Turner: P2P will mutate and become “red flashing light” for regulators
THE INEVITABLE evolution of the peer-to-peer finance industry will be a “red flashing light” for regulators, City grandee Lord Turner has warned.
The former Financial Services Authority chairman said that the sector will probably move towards complex entities such as structured investment vehicles (SIVs), which would be “concerning” for the authorities.
“[P2P lenders] are doing good credit analysis, they’re dividing it into tiers, they’re offering that to investors. I think they’re a useful part of the system,” he told Peer-to-Peer Finance News in an exclusive interview after his speech at the LendIt Europe conference last month.
“I think what will worry regulators is if the thing becomes more complex over time. If people start taking more of these packages of loans, turn them into credit securities, sell them down to people who don’t really understand what they are, or sell them into things like SIVs – I mean a real flashing red light will be if we see a thing like a SIV.
“What was a SIV? A SIV was a special purpose vehicle that took a whole load of credit securities and then said, against these credit securities I’m going to have some medium-term investors and then issue short-term rollover debt. And I’m going to achieve maturity transformation because I’ll have some of my debt at 30 days even though the natural tenure of my securities is, say, 20 years.
“That’s concerning. Now I don’t think that’s happening to any significant stage at the moment, but it probably will because what we know is that these financial systems continually mutate and continually evolve and the process of searching for new ways of profit will create new risks.”
In his speech at the conference, Turner qualified his infamous comment made earlier in the year that P2P lenders could be the source of losses that would “make the bankers look like absolute lending geniuses”.
He said he was talking about individual retail investors doing their own credit analysis, “but in fact individual investor credit assessment now plays only a very minor role in the growing direct lending market”.
He added that P2P lenders’ credit analysis systems were at least as good as those of banks and that “direct lending is likely to become a stable, significant and useful part of our total credit supply system”.
The economist, who was previously chairman of the Pensions Commission, thinks that the financial system is “significantly safer than it was in 2008”, thanks to higher capital and liquidity requirements on banks.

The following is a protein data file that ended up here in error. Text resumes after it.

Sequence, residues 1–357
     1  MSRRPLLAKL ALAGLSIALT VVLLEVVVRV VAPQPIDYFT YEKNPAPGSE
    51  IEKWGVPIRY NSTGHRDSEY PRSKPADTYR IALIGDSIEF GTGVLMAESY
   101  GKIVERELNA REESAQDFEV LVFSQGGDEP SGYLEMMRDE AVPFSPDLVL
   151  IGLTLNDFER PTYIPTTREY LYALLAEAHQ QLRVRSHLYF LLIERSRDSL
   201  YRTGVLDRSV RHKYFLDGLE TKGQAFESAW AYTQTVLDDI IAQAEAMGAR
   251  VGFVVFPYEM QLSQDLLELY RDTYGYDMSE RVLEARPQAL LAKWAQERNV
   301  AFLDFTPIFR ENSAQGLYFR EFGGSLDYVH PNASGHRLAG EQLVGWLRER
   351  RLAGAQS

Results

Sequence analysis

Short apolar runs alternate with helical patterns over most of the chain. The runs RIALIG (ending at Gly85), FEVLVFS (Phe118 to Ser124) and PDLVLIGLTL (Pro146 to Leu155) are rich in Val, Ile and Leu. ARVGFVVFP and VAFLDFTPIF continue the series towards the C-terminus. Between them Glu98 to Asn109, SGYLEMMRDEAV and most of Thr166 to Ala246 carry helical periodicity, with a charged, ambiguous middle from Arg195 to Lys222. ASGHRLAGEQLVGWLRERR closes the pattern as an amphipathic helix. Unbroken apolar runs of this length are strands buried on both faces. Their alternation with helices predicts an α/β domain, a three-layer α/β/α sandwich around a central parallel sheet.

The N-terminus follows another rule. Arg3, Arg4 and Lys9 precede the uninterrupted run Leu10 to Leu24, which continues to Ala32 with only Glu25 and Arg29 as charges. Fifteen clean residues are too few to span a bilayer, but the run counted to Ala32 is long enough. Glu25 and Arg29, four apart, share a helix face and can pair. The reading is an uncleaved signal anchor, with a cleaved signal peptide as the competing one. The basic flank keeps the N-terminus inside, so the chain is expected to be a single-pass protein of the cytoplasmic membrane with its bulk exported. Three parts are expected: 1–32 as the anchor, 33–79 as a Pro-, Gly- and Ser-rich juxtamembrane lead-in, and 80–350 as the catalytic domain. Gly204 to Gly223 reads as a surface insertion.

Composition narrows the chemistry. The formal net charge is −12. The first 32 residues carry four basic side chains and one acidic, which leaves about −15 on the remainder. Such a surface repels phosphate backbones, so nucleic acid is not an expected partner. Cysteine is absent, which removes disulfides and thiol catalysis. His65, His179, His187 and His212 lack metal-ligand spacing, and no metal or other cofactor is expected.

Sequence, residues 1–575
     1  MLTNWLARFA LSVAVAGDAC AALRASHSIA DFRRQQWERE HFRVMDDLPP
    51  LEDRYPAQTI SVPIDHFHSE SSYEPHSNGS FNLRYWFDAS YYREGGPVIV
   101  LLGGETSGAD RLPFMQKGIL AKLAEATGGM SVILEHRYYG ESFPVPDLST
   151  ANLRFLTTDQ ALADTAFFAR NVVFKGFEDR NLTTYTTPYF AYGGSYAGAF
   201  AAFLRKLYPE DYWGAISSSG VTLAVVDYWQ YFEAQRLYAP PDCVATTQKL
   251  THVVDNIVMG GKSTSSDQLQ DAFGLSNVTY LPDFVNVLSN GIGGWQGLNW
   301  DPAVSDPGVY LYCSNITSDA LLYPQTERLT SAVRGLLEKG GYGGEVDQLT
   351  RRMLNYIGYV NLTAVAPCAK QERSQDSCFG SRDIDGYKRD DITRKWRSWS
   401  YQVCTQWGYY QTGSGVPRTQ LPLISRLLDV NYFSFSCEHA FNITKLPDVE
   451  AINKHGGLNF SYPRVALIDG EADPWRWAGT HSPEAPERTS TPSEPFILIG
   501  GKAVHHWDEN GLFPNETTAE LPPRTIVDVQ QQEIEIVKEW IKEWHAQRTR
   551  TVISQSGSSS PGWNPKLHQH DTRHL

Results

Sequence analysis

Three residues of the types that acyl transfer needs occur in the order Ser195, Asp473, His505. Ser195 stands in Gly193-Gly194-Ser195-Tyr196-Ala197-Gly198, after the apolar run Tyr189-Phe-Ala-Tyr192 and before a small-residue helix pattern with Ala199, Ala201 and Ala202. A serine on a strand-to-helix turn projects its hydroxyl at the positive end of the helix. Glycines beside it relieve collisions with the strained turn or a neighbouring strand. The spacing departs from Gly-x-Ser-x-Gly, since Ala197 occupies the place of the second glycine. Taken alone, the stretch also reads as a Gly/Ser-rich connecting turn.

In his most recent book, Between Debt and the Devil: Money, Credit, and Fixing Global Finance, he argues that our addiction to debt is the main danger to the economy.
“I think our biggest risks across the world are too much leverage,” he told P2PFN. “We’re stuck in this period of very low interest rates because of that. I think a lot of work has been done in making the financial system safer.
“At the moment, I’d be far more worried about complex political risk than the financial system itself. I think we are much less likely now, or any time over the next five years, to have a Lehman’s moment than we were in 2008. Beyond five years I do not know as the financial system will evolve in ways, under the pressure of financial innovation, which could produce a set of circumstances that the regulators and the central banks didn’t see coming.
“Right now I think we are more likely to see a dramatic crystallisation of risk developing from an overleveraged real economy, slow growth and the political responses coming from that.”
Turner thinks that easy credit has contributed to the property price bubble in the UK and that the subsequent growth of the buy-to-let (BTL) market has had a detrimental effect for first-time buyers.
“When you have lots of availability of credit at high loan-to-value (LTV) ratios, it tends to push the price of property to a level where people who don’t have help – say from the bank of mum and dad or inheritance – can’t get on to the property ladder at all, whereas people who already have some money can leverage up and can buy more houses with BTL,” he said.
“If credit supply had been more restricted back in the 1990s because of higher capital requirements against mortgage lending or LTV limits, house prices would not have gone up as much and it would be easier for first-time buyers to enter the market.
“Owner occupation keeps going down partly because the BTL market keeps on going up and up and up. And the BTL market is driven by the ease of credit supply, not the restrictions on credit supply.
“I think it was very odd that for a long period of time we allowed BTL investors to have a more favourable tax treatment than owner occupiers. They had tax deductibility of interest and owner occupiers didn’t. The reforms last year meant that BTL investors are now restricted to tax deductibility at the standard rate, but fundamentally I think there shouldn’t be tax deductibility of interest.”